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Plus adds up the sums

Few companies have as consistent a record when it comes to delivering e-commerce services for IFAs as Scottish Life. Over the last few months, the company has made some significant enhancements to its IF@plus.

Over the past couple of years, there have been two key drives in industry e-commerce, the first based on new business and the second on delivering valuation information on existing contracts to advisers electronically.

At the same time, it always seems to me that there is tremendous waste in our industry because it can take so long for product providers to deliver the necessary additional information and particularly the key features document when a client wants to add to an existing plan.

FSA conduct of business rules require that where a contract is “materially altered”, the client must be provided with a new key features document as soon as practical.

Guidance note 6.2.15 states that a contract is not materially altered if contributions are increased by less than 25 per cent and other terms, conditions and charges do not change. In other words, everything else needs a new key features document.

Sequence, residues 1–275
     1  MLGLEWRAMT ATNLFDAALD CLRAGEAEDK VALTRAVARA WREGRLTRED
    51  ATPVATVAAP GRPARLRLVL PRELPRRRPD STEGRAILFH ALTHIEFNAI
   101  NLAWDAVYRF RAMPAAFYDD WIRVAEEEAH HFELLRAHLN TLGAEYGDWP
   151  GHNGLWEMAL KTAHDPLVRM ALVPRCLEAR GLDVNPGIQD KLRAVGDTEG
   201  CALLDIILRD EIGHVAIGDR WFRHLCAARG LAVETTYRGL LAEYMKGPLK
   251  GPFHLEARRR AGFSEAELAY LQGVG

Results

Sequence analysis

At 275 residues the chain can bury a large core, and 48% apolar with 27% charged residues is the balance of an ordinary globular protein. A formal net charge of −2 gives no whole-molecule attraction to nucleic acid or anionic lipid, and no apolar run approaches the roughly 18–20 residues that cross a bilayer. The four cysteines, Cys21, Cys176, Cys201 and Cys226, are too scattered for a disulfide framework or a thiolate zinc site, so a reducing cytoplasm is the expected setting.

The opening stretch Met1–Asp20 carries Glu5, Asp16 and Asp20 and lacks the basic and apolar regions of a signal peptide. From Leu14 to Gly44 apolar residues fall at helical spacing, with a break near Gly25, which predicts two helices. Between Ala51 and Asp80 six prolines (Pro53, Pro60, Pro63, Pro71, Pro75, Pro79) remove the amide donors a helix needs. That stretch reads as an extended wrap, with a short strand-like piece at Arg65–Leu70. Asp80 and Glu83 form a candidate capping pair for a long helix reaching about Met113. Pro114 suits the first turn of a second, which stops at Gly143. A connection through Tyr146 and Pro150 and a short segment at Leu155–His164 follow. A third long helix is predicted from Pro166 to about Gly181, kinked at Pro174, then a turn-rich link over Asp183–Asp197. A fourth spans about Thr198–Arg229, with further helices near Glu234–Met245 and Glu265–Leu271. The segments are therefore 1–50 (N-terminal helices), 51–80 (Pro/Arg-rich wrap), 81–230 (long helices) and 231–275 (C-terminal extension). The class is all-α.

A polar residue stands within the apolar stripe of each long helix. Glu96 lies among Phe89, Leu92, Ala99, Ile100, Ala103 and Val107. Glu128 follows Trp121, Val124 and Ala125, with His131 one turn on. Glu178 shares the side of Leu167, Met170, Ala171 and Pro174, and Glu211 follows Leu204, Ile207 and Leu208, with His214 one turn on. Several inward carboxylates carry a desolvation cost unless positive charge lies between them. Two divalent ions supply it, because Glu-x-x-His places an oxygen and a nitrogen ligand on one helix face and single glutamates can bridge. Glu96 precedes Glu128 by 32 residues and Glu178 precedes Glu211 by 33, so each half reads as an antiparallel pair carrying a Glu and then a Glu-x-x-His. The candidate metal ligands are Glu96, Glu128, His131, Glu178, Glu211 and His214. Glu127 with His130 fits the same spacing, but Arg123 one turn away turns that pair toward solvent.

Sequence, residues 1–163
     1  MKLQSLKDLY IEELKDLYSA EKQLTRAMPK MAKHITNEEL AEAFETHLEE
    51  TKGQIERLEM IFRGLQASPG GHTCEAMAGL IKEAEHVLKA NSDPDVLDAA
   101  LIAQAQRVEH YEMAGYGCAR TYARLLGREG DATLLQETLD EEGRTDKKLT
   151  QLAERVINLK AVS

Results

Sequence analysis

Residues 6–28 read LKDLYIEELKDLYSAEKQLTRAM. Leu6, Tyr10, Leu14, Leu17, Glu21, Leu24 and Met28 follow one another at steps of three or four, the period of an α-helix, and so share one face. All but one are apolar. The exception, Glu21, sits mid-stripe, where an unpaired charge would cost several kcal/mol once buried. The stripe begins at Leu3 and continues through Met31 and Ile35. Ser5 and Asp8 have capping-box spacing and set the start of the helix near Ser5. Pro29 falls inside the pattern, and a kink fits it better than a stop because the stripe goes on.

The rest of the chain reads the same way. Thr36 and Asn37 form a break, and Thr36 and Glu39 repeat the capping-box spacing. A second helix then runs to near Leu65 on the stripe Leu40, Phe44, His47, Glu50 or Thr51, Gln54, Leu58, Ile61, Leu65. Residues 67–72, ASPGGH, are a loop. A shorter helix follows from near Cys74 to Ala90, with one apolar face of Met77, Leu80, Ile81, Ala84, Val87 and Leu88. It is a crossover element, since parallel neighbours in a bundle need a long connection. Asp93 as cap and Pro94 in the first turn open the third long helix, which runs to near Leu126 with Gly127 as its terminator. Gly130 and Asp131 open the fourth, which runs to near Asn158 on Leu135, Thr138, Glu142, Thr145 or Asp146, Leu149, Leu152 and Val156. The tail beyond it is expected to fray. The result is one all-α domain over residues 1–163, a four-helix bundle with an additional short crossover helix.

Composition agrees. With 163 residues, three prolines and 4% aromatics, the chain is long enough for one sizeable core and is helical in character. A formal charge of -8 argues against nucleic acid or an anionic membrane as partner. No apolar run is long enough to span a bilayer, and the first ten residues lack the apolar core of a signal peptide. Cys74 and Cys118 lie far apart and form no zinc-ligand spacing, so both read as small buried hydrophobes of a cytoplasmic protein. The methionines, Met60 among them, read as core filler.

I constantly hear horror stories of such documentation for increments taking weeks or even months, yet the number of services that can use e-commerce to fulfil this important function for existing plans is limited.

One of the major advocates of using technology to fill this gap is Woolwich-based IFA Sedgwick commercial development director Alan Keegan. His organisation has made an exceptional contribution to the enhancement of industry e-commerce during the past year, especially with the deployment of its Smart platform developed with Oracle.

According to Keegan, increments are “the natural point where the new business and servicing process meet, there must be massive savings for the industry if we can process these electronically”.

Last week, I was given a demonstration of a new service which will go live from December 16, initially for group business but shortly for individual pension cases that will automate increment process via Scottish Life&#39s website.